Re: The American Dream is Killing Us
November 09, 2019 11:59PM
Btw, that's eye-opening about the percentage of young adults in the EU still living with their parents. So on that you make a good point.
Re: The American Dream is Killing Us
November 10, 2019 12:32AM
Donna,
You probably meant households not "people" had cars. In the United States, 60% of families owned a car in 1929.
Re: The American Dream is Killing Us
November 10, 2019 07:13PM
"As for the dystopian lemonade analogy, that doesn't ring true to me. I don't recall ever having a lemonade stand a kid. Maybe there was glut of curbside lemonade in our neighborhood. But I mowed lawns and shoveled snow. I sold newspaper subscriptions. I babysat. We all have to find our way in the world. We have to budget our money, live within our means and not covet our neighbors' possessions. In other words, find happiness in what we do and have." -Curt

In the lemonade stand example, the first lemonade stand and the few that started to show up soon after that one are an analogy for everything you just mentioned. We all mowed lawns or shoveled snow or whatever. We saw HELP WANTED signs on a store window, went in, and more often than not got the job. We had careers. We were able to do what we needed to do to get by with just the basics and we did it.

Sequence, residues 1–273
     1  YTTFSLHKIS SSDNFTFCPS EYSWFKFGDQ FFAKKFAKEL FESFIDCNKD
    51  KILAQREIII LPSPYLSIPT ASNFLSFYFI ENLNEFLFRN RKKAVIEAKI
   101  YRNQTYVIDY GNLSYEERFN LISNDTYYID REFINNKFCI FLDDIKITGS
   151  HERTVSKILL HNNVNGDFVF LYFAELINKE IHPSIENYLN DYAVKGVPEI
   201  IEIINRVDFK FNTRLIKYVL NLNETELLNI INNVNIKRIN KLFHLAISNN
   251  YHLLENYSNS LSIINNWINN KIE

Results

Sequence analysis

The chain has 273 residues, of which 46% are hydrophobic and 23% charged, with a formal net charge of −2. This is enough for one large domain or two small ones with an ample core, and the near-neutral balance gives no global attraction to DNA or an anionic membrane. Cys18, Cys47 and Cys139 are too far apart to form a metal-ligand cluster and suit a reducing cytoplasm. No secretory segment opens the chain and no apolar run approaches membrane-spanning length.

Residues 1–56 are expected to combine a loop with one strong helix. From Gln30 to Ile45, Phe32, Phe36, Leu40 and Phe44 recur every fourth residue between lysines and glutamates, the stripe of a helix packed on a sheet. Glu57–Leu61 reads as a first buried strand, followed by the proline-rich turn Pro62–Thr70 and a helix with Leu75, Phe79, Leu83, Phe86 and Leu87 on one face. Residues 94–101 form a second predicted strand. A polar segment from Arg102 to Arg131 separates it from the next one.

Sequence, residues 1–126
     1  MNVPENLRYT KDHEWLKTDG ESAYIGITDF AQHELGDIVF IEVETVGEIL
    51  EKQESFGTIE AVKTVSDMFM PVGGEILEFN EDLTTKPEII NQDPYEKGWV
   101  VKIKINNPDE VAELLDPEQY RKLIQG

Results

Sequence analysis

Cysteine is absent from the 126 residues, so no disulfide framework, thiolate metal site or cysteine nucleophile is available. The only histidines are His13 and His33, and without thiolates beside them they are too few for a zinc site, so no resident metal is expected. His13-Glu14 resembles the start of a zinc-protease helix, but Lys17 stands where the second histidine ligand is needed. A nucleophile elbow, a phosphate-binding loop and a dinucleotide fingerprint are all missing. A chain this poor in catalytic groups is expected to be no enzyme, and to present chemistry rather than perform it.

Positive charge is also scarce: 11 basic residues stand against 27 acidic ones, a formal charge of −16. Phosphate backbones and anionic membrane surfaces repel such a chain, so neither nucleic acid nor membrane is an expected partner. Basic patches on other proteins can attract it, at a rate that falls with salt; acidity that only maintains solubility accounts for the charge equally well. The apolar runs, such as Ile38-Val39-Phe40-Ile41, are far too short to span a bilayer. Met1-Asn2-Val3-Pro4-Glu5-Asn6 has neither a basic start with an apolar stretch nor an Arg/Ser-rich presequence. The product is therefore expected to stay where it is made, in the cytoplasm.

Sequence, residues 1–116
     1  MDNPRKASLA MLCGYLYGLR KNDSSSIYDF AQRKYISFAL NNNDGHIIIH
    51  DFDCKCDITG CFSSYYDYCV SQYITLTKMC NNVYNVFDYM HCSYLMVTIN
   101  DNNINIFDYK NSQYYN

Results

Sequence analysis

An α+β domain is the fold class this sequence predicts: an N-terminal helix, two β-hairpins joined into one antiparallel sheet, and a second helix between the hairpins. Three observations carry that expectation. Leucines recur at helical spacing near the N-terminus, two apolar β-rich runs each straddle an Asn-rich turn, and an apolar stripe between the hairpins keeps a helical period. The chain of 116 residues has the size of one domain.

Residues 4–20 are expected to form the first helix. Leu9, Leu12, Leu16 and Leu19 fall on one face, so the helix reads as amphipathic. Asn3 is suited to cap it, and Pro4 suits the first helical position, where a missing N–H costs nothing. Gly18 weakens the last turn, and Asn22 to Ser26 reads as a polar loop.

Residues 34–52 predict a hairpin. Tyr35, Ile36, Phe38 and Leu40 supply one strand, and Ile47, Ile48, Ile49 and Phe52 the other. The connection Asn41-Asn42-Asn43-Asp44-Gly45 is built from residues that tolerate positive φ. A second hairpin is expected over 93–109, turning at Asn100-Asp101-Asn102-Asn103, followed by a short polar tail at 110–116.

And back even just a few decades ago, as back in our halcyon snow-shoveling babysitting days, that was all much much more doable than it is today. Whatever the damned cost of a stupid flat screen TV is. And there were very good reasons those days were so halcyon as is pointed out in the article.

You're ignoring the whole rest of the lemonade stand analogy and how things progressed from where you left off. How everything was changing and growing and mutating and what the reasons for all that were and what the repercussions were. You're just ignoring all that part.

It was only the main theme of the whole freaking article.

.
Re: The American Dream is Killing Us
November 11, 2019 02:21AM
At my retirement, I earned double what both my parents did. My father was the only one in his generation to go to college. His father and mother never finished the 6th grade. My brother earns more than I do, but he's been in the DOD schools for about 45 years.
Re: The American Dream is Killing Us
November 11, 2019 05:32AM
So your parents made $7,500.
Re: The American Dream is Killing Us
November 11, 2019 04:04PM
Congratulations, Olde Dude. Like Curt, you are enjoying a version of America available to those in a category well above the average American citizen. Good for you. I'm so happy for you.

You are also someone for whom the thesis of this article is utterly lost upon. But it's nice to hear that your lemonade stand is still doing so well.




Meanwhile, the average American.....



.
Re: The American Dream is Killing Us
November 11, 2019 04:48PM
Having lived on the East coast for 7 years, I saw many immigrants start businesses, have better schools than their home countries, and work their azzes off to have a dream that was unobtainable in their countries.

I was taught early (and often) that if you fail in the American Dream, it's your own fault. This coming from my grandfather, who escaped from Slovakia before WWI. He worked at whatever he could, forging a life that was impossible there. All of his children had his work ethic. That ethos says that if you are a person of your word and work hard you can get ahead. You believe that everyone else is "lucky." That's not the case. I just refuse to become a victim of my own decisions.